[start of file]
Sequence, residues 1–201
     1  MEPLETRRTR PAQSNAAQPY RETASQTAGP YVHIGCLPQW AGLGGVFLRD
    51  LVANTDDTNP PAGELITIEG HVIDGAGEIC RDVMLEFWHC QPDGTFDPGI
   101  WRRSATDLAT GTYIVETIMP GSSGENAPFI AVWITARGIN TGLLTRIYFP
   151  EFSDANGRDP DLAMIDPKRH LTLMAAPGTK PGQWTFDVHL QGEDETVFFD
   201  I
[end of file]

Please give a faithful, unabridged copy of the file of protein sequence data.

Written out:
Sequence, residues 1–201
     1  MEPLETRRTR PAQSNAAQPY RETASQTAGP YVHIGCLPQW AGLGGVFLRD
    51  LVANTDDTNP PAGELITIEG HVIDGAGEIC RDVMLEFWHC QPDGTFDPGI
   101  WRRSATDLAT GTYIVETIMP GSSGENAPFI AVWITARGIN TGLLTRIYFP
   151  EFSDANGRDP DLAMIDPKRH LTLMAAPGTK PGQWTFDVHL QGEDETVFFD
   201  I